the Virginia Beach North American Cup, NYU Invitational, Philly Invitational,
and home our duals (Feb. 1-2) at the Henry Crown Sports Pavilion. Based on our performance in Palo Alto and our hard work at
practice, I am more than confident we will come through with more big wins in the
As always, Go 'Cats!
Editor's note: Rather than using the written word to chronicle Northwestern's trip to Cleveland, Ohio for the USA Fencing November North American Cup, Jen produced a video blog about the weekend. Below is her submission:
It's my favorite time of year again. And in case you were wondering, I'm not referring to dressing up on Halloween, or my endless consumption of pumpkin spice lattes, but the adrenaline I feel on the strip during competition season. I think I can speak for every one of my teammates when I say that competing is what we live for. Finally, it's that time of year where we move from competition to competition, fighting for every touch and every victory, one bout at a time.
This past weekend, we hosted the USFA Remenyik Open in honor of Northwestern's first head coach, Charlotte Remenyik. It was an exciting event with fencers coming from all around the country to battle it out for the gold medal. Overall, the 'Cats claimed two gold medals and 10 top-10 finishes. Congratulations to junior Courtney Dumas and freshman Alisha Gomez-Shah on securing those gold medals, or should I say battle-axes? (See below).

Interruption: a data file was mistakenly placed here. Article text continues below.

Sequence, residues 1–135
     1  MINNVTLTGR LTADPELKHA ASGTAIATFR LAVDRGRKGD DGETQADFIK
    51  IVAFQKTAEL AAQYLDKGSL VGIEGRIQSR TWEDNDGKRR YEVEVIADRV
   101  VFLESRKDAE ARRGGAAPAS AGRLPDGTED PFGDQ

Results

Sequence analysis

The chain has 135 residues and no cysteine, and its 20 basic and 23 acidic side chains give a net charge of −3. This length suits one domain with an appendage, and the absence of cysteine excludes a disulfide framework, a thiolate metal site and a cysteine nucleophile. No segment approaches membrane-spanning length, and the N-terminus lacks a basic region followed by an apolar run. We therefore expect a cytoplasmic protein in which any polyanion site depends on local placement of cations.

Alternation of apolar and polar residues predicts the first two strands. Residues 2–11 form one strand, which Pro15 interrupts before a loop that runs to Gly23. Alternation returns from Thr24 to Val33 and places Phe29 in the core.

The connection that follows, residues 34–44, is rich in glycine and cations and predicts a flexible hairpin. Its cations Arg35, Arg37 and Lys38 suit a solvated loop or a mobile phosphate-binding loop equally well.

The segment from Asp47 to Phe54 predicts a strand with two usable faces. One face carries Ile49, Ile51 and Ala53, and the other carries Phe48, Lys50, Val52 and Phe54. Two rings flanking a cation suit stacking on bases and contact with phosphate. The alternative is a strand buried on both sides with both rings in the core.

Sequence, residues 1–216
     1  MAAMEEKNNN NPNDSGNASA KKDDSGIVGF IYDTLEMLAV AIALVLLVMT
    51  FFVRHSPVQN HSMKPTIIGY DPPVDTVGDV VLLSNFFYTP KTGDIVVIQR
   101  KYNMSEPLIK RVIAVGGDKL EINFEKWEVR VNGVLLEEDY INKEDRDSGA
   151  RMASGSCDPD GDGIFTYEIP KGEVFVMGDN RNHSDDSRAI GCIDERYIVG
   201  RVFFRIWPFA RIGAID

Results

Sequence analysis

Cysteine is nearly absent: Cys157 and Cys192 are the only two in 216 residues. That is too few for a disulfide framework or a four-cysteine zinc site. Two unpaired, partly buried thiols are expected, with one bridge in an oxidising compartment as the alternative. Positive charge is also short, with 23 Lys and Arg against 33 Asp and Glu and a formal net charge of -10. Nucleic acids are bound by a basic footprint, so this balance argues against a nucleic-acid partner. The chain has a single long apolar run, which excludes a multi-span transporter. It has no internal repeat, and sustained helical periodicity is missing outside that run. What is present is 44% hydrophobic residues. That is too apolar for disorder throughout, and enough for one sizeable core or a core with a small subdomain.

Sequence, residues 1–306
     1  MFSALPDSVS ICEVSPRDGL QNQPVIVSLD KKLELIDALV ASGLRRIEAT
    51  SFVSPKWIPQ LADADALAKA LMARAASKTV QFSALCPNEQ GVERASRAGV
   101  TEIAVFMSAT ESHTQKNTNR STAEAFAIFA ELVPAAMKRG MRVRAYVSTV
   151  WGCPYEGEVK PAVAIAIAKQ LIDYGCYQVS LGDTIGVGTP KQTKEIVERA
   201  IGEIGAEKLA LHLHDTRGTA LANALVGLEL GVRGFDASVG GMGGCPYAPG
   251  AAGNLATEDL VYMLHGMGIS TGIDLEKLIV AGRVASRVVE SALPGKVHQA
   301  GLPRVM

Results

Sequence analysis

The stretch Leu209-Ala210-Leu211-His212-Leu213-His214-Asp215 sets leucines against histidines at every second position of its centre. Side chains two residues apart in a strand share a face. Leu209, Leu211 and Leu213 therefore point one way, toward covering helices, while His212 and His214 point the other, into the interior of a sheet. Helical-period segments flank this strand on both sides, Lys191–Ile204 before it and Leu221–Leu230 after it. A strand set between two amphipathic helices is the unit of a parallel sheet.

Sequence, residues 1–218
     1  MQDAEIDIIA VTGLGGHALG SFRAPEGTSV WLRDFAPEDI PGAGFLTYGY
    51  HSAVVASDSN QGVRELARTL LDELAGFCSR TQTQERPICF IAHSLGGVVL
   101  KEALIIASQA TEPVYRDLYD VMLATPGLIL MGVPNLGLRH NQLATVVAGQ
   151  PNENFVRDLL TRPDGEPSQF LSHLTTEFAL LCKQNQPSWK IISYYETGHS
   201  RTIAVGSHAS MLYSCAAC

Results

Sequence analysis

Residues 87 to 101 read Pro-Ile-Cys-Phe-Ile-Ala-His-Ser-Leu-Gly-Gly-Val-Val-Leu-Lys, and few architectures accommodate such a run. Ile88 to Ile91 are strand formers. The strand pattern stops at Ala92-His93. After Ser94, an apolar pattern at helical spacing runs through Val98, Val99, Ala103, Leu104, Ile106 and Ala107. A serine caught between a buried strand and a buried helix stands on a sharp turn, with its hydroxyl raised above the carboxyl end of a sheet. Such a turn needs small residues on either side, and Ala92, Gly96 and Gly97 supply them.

Instead of trophies or medals, battle-axes were given to the top finishers of the competition. (I wasn't kidding).
Preseason is officially over as individual competitions come to an end and our collegiate duals begin. My teammates and I are more than ready to switch from individual competition to team competition. Fencing is an individual sport, but collegiate fencing allows us to fence for more than just ourselves. It gives us the opportunity to flaunt our purple gear, represent Northwestern athletics with pride, and most importantly, win together.
On Saturday, November 2nd, we're on to the next one as we compete against 11 Midwest Fencing Conference opponents at Patten Gymnasium. The team and I have been working extremely hard with lifts, conditioning, yoga, footwork, drills, and bouting. Our energy is through the roof this year, and I can't wait to see the freshmen experience their first collegiate-dual meet as Northwestern Wildcats.
In social media news, make sure to check out Junior foil fencer Tina Umanskiy's twitter (@UtheMANskiy) for some deep thoughts, misused sarcasm, and overall comical entertainment.
Happy Halloween and go 'Cats!
As we tackle midterms one
exam at a time, we say goodbye to pre-season and enter the early season
quadrant. Our next few weekends are stacked with both home and away
competitions. The team and I are beyond excited to represent Northwestern and
show the other schools what we are made of.
A new addition to our
practices this year has been the iPad. In the past we have used video cameras to
record our meets and analyze the actions of our opponents. Now, we have the opportunity
to video record our footwork, drills, and bouting at practices. The iPad is a
great benefit because now we can easily identify what we need to work on at
both the individual and team level. Having a visual aid during our practices is
an extreme advantage, and we hope to continue to use it throughout the season.
So thank you, iPad.